- Recommended Expat Blogs: Mexico
- Ted: No Hay Bronca
- Janet: Polish/Mexican Connection
- Jo: What Am I Still Doing In Cancun
- Greg and Dianne: ¡VidaMaz!
- Jennifer: Mexico, Eh?
- Linda: Retiring to Mazatlan
- Susannah: Mexico Retold
- David: David Lida
- Tina: Los Gringos Locos
- Katie: Los O’Gradys In Mexico
- Jen and Sam: Team Fuber
Please tell us a little bit about yourself. Who you are, where you come from, when you moved to Mexico, etc.
My name is Abby Smith, I am 46 years old. I lived in the Midwest of the U.S. prior to moving to rural Mexico 6 years ago with my undocumented (in the U.S.) Mexican national husband, Felipe Pita Cruz. I am an artist and freelance writer, Felipe is a farmer striving for zero waste. Our goal is self-sustainability.
When and why did you decide to start blogging about your experiences?
Because our existence is low impact and somewhat out of the ordinary many people expressed interest in our methods and ideology. I felt there was an audience for stories of our experiences of living simply, in the middle of nowhere Mexico. Also, it was suggested to me that a blog would be good way to share my art/writing.
Do you have any favorite blog entries of yours?
Tell us about the ways your new life in Mexico differs from that back home. Did you have trouble getting used to the new circumstances? Did you experience culture shock?
In Chicago, where we lived for a decade prior to moving to Felipe’s tiny home town, we were waiters; we were oenophiles, foodies and night clubbing Latin Dancers. Now we are subsistence farmers.
I believe I added several new stages, to the four stage phenomenon of culture shock, one of which was the “Are you freaking kidding me stage!”
Do you think you were fully prepared for what awaited you in Mexico? If you could, would you change some decisions/preparations you made?
No, though I made an effort not to project what it would be like because I knew change would be drastic.
We did try to prepare financially but it was just as futile. Still, I don’t think I would change anything. What has been so wonderful about the experience has been the personal growth I have experienced and if I had changed anything, maybe not had as many failures, I might have missed out on some of the learning.
Well, maybe I would have invested in a greenhouse - the bugs are pretty bad down here.
Every expat knows that expat life comes with some hilarious anecdotes and funny experiences. Care to share one with us?
Ok here’s one, it’s sort of weird but it’s shorter than most, this is an episode that occurred shortly after our arrival in Mexico.
Carupos are minuscule, bright red chiggers. They have the exasperating quality of being visible to the naked eye, but nearly impossible to remove or murder. The preferred method of treatment is to scrap across the minute red dot with a straight pin in hopes of dislodging the insect. This seldom works and turns into a sadomasochistic scratch fest, drawing blood which makes the insect indistinguishable from your self-inflicted wounds, and causes fiercer itching as they burrow deeper. I rate their itch power 45% higher than any chigger I have previously encountered. They are especially fond of panty lines and armpits, although in my case they gravitate toward the nipple.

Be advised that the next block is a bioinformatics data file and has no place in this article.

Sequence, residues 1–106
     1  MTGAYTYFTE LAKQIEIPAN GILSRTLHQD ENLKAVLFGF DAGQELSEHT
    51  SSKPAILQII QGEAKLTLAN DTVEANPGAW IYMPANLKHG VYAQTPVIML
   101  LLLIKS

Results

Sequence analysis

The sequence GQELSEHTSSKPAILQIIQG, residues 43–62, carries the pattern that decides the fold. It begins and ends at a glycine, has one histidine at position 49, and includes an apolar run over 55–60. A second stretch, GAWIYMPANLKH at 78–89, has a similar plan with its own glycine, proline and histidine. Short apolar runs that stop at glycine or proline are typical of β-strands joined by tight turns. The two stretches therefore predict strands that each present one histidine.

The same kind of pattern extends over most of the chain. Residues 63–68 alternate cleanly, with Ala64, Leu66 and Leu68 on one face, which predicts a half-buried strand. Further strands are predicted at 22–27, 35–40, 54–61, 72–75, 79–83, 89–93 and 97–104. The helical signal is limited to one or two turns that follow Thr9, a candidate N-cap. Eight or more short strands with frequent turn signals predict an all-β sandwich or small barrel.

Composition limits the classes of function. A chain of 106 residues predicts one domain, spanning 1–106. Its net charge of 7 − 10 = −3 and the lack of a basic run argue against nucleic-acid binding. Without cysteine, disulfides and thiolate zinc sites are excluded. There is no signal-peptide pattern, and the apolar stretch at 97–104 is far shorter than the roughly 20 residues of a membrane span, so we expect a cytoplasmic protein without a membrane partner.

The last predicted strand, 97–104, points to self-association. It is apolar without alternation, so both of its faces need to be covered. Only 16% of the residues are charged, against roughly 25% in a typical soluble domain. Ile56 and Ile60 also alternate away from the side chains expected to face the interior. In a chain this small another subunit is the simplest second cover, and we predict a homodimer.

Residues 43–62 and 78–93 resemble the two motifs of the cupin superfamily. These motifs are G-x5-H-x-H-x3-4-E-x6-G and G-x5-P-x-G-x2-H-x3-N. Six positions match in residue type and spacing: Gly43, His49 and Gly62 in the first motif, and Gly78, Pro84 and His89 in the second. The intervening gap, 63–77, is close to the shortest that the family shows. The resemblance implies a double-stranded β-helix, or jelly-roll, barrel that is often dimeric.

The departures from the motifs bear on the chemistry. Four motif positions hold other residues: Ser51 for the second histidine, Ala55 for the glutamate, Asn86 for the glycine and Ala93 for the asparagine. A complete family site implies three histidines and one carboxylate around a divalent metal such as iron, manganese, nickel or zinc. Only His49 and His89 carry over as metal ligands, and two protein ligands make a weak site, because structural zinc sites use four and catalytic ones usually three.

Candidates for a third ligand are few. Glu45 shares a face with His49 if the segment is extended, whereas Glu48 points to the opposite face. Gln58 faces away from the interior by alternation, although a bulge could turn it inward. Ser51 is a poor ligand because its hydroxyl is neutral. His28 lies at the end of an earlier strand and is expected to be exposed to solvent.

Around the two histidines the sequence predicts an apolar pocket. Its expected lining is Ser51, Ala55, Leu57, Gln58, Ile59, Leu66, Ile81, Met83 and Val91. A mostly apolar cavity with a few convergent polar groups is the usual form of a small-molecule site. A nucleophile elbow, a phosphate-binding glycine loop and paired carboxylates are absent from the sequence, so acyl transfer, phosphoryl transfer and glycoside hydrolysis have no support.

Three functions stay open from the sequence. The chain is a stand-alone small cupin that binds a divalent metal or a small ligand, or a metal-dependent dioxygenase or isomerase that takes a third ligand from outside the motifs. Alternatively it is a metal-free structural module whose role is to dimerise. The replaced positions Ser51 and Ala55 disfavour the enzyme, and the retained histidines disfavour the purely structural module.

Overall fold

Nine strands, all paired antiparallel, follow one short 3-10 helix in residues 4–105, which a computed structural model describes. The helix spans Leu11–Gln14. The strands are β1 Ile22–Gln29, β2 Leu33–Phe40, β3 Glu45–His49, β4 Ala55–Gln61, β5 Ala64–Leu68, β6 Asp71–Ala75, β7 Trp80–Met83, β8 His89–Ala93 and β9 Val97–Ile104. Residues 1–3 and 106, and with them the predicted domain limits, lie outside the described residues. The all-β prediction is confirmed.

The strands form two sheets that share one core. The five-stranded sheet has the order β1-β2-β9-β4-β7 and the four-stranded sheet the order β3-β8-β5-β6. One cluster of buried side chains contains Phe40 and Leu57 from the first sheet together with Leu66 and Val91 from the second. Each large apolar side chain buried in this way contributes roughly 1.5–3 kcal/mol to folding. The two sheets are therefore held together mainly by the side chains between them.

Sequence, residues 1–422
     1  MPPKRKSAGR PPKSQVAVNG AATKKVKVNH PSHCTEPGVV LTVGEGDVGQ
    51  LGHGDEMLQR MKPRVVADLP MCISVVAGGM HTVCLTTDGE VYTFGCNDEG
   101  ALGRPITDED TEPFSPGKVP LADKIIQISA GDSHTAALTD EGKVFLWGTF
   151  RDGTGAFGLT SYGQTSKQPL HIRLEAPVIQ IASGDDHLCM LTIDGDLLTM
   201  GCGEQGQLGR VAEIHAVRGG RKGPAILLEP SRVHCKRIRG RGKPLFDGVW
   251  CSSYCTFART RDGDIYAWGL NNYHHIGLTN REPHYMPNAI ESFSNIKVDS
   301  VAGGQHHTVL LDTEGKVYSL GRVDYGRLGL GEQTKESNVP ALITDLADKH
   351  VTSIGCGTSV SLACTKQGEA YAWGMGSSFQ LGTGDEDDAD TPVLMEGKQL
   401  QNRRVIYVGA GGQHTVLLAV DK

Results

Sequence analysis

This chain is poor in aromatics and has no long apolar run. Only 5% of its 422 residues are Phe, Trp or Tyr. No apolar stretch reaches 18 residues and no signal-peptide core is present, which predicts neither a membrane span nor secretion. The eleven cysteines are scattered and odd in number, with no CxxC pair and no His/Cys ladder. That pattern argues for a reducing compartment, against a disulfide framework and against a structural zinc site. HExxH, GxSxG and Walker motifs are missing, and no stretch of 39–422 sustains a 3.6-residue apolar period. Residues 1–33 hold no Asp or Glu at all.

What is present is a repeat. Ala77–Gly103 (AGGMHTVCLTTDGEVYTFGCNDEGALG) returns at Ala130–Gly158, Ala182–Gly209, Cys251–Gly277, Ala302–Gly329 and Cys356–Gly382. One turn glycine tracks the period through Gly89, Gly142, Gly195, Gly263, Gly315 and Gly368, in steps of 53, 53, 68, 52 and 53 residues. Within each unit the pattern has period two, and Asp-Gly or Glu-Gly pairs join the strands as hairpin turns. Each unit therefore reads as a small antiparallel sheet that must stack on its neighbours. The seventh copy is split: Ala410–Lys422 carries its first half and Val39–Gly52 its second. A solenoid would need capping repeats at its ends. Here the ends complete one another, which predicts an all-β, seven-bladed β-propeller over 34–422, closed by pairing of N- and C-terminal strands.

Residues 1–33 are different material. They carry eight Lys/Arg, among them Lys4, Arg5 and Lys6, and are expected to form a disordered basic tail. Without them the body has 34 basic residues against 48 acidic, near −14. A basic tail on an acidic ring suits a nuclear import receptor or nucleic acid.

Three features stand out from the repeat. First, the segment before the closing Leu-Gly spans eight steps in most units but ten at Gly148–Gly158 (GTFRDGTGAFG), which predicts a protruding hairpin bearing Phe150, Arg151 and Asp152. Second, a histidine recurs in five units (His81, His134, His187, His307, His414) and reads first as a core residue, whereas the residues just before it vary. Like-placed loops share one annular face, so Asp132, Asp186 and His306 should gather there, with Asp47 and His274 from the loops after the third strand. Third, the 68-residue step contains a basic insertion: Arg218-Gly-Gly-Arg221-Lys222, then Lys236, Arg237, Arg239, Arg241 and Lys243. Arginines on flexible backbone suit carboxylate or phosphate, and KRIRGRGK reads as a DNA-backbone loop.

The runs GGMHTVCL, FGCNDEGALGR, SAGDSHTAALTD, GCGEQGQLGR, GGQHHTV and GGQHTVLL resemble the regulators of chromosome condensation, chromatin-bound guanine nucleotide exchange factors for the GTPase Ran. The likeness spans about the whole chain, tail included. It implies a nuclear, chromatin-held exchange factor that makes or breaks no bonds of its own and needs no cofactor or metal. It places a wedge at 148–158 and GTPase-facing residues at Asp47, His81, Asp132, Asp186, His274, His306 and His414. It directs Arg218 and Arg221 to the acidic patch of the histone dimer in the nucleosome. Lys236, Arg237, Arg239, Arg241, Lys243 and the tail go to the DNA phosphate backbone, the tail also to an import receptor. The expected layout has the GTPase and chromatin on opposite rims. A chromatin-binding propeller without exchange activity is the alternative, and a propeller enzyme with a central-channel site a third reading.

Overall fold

My first carupo encounter involved my right nipple. I was not aware that such a villain existed, and for several days I was plagued by a hellacious itching for which I could see no cause. I did a thorough breast exam and was convinced it was a symptom of some horrific form of breast cancer. I was in the insane throes of culture shock, of which morbid catastrophizing was a symptom in my case, and because I simply could not face having a fatal disease, I heroically hid the tragedy from Felipe. Though, after four days of excruciating itching especially at night, I revealed my pulverized nipple to him. It did look diseased by this time.
“I think I am dying,” I said, my face stoic, my voice ragged with hysteria.
“It’s probably a carupo, Abby,” he said, incredibly straight-faced. He then, also to my amazement, located the tiny red dot that was slightly more lurid than the surrounding flesh and deftly scrapped it out of its inflamed residence to my immediate relief and amusement.
Which three tips would you like to give future expats before they embark on their new life in Mexico?
Please keep in mind that my advice is based on my experience in rural Mexico, which I believe to be quite different than more cosmopolitan and culturally diverse areas.
- Mexico is a foreign country, regardless of how many Mexicans you have known, its proximity to your country or that you may share a religion with most of the populace, the mores here are very different.
- Relinquish the desire to be right.
- Be humble, look humble, act humble, pretentious is frowned upon, in Mexico it can be a dangerous practice.
How is the expat community in Mexico? Did you have a hard time finding like-minded people or fellow expats?
I did have a difficult time, but this was because where we live is so remote, and we don’t have much money to seek out new experiences. I only made expat friends once I got my internet stick 1 year ago. My small amount of experience with expats has been fantastic.
How would you summarize your expat life in Mexico in a single, catchy sentence?
I am the present witness.